The annual production is set at 700 units at this moment, but the company plans to increase the production in light of the spread of hydrogen station. Currently, Japan has about 30 hydrogen stations mainly in the four metropolitan areas of Tokyo, Nagoya, Osaka, and Fukuoka, but the government plan to increase the number of hydrogen stations to 100 in 2015. The company has reportedly received an order for nearly 1,000 units as against the annual production of 700 units. It plans to introduce the fuel cell vehicle in Europe and the United States in the summer of 2015. 

 Toyota's Mirai is coming soon.

Introducton to Toyot's fuel cell vehicle

Friday, August 29, 2014

No. 855: Increasing the capacity of an air battery (August 30, 2013)

A total of 11 organizations including Furukawa Battery, Nikon, and Nissan work together on the project to increase the capacity of an air battery. In the first stage, Furukawa Battery will put an emergency power source with a generation capacity of 300 W for mobile devices into practical use within the year. The project team aims to construct a system with a generation capacity of 3 kW for household use in five years and a system with a generation capacity of 1,000 kW that can be used for a small-size power plant in 10 years. Furukawa Battery is scheduled to mass produce disposable air battery for emergency within the year.

An air battery has 10 times higher energy density than a lithium-ion battery of the same weight because magnesium used for the negative electrode radiates lots of electrons. In addition, it is possible to simplify the structure of the positive electrode. The existing technology does not allow an air battery to be reused because the negative electrode oxidizes once it is exhausted. Nikon plans to develop a mechanism to deoxidize the negative electrode made of magnesium utilizing solar heat and waste heat of a manufacturing plant with a view to making an air battery reusable for power generation.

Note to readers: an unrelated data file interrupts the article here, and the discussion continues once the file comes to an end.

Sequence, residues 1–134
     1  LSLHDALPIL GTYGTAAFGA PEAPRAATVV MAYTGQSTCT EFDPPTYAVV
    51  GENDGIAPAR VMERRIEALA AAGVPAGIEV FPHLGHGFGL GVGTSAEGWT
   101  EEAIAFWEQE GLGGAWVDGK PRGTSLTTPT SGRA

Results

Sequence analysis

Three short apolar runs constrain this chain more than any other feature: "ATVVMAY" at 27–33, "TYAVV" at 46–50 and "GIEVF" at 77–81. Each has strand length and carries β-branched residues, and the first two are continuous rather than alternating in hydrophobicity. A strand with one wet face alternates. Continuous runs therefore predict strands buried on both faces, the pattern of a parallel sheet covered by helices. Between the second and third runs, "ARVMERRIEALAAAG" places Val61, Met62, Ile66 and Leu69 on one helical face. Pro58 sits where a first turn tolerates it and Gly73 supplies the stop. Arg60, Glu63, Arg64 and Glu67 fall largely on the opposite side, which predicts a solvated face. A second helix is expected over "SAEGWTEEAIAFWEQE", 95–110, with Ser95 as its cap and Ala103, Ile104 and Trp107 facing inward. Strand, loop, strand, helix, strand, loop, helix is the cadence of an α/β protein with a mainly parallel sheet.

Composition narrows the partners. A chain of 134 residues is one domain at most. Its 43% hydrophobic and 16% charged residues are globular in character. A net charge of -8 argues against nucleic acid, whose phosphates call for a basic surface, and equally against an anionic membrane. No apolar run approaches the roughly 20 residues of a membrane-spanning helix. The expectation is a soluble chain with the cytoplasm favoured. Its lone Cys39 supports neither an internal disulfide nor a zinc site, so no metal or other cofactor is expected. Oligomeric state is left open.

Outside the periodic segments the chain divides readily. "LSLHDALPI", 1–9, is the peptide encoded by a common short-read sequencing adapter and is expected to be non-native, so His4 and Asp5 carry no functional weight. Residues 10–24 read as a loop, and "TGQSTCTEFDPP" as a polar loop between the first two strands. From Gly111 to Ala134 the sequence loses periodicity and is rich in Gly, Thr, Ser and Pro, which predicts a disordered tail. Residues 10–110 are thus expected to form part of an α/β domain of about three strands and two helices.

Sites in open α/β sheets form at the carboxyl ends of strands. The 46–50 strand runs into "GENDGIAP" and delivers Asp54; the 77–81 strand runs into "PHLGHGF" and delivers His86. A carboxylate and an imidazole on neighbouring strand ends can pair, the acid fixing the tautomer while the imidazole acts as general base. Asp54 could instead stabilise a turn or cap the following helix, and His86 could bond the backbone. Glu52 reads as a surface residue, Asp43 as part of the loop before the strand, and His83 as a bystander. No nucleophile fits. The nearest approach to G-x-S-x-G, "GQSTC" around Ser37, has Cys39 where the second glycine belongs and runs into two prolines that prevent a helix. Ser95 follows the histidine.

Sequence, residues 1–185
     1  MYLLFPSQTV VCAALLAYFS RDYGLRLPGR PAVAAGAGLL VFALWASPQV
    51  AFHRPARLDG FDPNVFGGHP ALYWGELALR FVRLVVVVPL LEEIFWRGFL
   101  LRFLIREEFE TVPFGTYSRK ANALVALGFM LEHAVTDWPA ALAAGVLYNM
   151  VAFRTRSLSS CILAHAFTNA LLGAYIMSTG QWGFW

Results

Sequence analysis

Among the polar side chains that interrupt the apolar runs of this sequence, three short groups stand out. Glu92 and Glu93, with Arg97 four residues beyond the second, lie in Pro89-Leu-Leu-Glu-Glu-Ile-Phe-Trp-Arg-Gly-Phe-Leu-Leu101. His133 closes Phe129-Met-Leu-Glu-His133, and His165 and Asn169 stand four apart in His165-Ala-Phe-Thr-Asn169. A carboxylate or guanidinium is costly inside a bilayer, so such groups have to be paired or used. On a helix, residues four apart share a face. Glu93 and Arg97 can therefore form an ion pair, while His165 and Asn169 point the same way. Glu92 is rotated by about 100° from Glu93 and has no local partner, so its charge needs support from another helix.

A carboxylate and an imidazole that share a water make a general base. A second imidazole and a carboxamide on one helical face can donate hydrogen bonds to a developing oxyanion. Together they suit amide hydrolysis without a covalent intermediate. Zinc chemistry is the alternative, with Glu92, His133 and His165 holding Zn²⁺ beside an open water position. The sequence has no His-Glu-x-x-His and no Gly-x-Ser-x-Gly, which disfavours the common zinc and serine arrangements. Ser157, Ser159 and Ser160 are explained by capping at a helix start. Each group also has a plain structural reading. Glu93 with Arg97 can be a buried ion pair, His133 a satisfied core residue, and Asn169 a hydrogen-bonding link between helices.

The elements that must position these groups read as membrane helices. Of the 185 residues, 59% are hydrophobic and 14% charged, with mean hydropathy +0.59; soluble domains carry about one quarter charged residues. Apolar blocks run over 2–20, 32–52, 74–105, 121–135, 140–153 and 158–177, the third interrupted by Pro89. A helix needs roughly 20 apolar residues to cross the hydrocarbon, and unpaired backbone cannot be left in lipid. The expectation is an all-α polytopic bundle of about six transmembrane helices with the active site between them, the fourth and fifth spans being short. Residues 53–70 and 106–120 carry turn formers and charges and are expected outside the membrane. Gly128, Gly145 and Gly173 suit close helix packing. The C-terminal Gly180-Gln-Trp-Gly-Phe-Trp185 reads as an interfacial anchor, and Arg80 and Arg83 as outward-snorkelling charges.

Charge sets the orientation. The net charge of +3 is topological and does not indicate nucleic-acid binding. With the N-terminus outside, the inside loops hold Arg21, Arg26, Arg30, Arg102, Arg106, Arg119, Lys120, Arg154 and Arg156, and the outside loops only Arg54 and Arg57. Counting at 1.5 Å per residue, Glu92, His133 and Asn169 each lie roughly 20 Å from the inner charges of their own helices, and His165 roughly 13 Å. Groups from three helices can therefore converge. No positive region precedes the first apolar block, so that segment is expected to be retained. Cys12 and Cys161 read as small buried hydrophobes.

An electric motorcycle loaded with an air battery 
for emergency. It can run only with salt solution.

The world's first mega solar equipped with 
storage batteres that use used batteries

No. 854: Developing an LSI to display all around a vehicle in three dimensions (August 29, 2013)

Renesas Electronics developed a system LSI that displays all around a vehicle in three dimensions. The new system LSI synthesizes images shot by multiple cameras and recognizes people and obstacles around a vehicle. Because it gives a warning when it recognizes a man or an obstacle around a vehicle, it allows a vehicle driver to avoid an accident should it be utilized by the parking assistance system.

The new system LSI has 8 times higher processing capability of recognized images than the existing system, and it can synthesize 3D images and recognize various objects including a man in real time. It can support up to 6 cameras. The company starts to ship samples 5,000 yen apiece this September. The mass production is scheduled for October 2016, and it plans to produce 500,000 pieces per month in 2017. It wishes to upgrade the new system LSI to be applied to the automatic braking system in the future.

 Toyota's advanced parking assistance system

Thursday, August 28, 2014

No. 853: Mass production technology of energy-saving power semiconductors (August 28, 2013)

Japanese leading companies including Panasonic and Japanese leading universities including Osaka University will jointly develop a mass production technology of energy-saving power semiconductors with the support of the government. Utilizing the technology to generate gallium nitride crystals developed by Osaka University, the project aims to strengthen Japan’s competitive edge in the power semiconductor where Japan currently has 60% share.